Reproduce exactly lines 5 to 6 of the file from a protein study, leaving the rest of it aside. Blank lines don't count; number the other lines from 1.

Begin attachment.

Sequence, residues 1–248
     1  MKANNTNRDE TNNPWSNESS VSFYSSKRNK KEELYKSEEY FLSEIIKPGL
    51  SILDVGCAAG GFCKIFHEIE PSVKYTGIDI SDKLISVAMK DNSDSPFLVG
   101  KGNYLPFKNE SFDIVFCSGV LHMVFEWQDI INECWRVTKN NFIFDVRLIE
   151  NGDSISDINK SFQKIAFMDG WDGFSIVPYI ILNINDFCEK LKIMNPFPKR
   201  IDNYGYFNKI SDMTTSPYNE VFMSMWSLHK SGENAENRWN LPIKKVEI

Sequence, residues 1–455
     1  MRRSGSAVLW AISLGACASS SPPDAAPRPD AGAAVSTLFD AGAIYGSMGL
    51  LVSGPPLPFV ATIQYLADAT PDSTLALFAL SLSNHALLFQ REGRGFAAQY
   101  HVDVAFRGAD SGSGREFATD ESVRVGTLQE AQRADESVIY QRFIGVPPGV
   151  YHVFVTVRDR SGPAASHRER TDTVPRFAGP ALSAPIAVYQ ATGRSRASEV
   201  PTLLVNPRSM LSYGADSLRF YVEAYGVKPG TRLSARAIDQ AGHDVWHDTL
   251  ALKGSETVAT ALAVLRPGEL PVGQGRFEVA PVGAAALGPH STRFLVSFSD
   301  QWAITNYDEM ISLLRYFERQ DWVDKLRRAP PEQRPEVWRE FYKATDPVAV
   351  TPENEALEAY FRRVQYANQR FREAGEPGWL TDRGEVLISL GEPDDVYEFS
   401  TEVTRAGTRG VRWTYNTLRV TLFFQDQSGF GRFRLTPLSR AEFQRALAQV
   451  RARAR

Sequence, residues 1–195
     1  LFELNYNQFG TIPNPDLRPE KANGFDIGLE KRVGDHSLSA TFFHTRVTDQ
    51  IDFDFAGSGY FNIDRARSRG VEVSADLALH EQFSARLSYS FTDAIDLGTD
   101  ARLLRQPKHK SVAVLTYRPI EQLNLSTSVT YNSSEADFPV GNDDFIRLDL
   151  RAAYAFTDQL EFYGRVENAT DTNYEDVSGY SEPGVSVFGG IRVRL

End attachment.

   151  NGDSISDINK SFQKIAFMDG WDGFSIVPYI ILNINDFCEK LKIMNPFPKR
   201  IDNYGYFNKI SDMTTSPYNE VFMSMWSLHK SGENAENRWN LPIKKVEI